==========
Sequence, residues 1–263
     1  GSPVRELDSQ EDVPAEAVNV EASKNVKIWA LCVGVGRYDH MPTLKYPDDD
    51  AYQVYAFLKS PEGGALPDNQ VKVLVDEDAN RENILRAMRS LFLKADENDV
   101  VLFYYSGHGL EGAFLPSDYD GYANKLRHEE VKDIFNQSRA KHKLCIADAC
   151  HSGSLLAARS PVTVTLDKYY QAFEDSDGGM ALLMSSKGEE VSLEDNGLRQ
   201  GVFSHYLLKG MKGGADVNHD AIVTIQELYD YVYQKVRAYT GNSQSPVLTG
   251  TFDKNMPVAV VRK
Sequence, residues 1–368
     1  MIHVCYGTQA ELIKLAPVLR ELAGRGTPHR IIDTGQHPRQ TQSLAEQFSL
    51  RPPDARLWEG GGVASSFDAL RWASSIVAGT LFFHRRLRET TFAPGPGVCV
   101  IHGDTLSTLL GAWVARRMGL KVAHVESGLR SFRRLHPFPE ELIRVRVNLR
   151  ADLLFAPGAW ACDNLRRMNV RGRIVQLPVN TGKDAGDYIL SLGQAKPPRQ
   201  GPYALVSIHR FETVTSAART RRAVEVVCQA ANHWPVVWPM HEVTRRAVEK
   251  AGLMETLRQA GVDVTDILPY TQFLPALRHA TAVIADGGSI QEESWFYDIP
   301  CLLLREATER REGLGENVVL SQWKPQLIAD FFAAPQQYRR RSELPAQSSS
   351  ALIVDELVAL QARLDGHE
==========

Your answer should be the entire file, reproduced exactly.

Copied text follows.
Sequence, residues 1–263
     1  GSPVRELDSQ EDVPAEAVNV EASKNVKIWA LCVGVGRYDH MPTLKYPDDD
    51  AYQVYAFLKS PEGGALPDNQ VKVLVDEDAN RENILRAMRS LFLKADENDV
   101  VLFYYSGHGL EGAFLPSDYD GYANKLRHEE VKDIFNQSRA KHKLCIADAC
   151  HSGSLLAARS PVTVTLDKYY QAFEDSDGGM ALLMSSKGEE VSLEDNGLRQ
   201  GVFSHYLLKG MKGGADVNHD AIVTIQELYD YVYQKVRAYT GNSQSPVLTG
   251  TFDKNMPVAV VRK
Sequence, residues 1–368
     1  MIHVCYGTQA ELIKLAPVLR ELAGRGTPHR IIDTGQHPRQ TQSLAEQFSL
    51  RPPDARLWEG GGVASSFDAL RWASSIVAGT LFFHRRLRET TFAPGPGVCV
   101  IHGDTLSTLL GAWVARRMGL KVAHVESGLR SFRRLHPFPE ELIRVRVNLR
   151  ADLLFAPGAW ACDNLRRMNV RGRIVQLPVN TGKDAGDYIL SLGQAKPPRQ
   201  GPYALVSIHR FETVTSAART RRAVEVVCQA ANHWPVVWPM HEVTRRAVEK
   251  AGLMETLRQA GVDVTDILPY TQFLPALRHA TAVIADGGSI QEESWFYDIP
   301  CLLLREATER REGLGENVVL SQWKPQLIAD FFAAPQQYRR RSELPAQSSS
   351  ALIVDELVAL QARLDGHE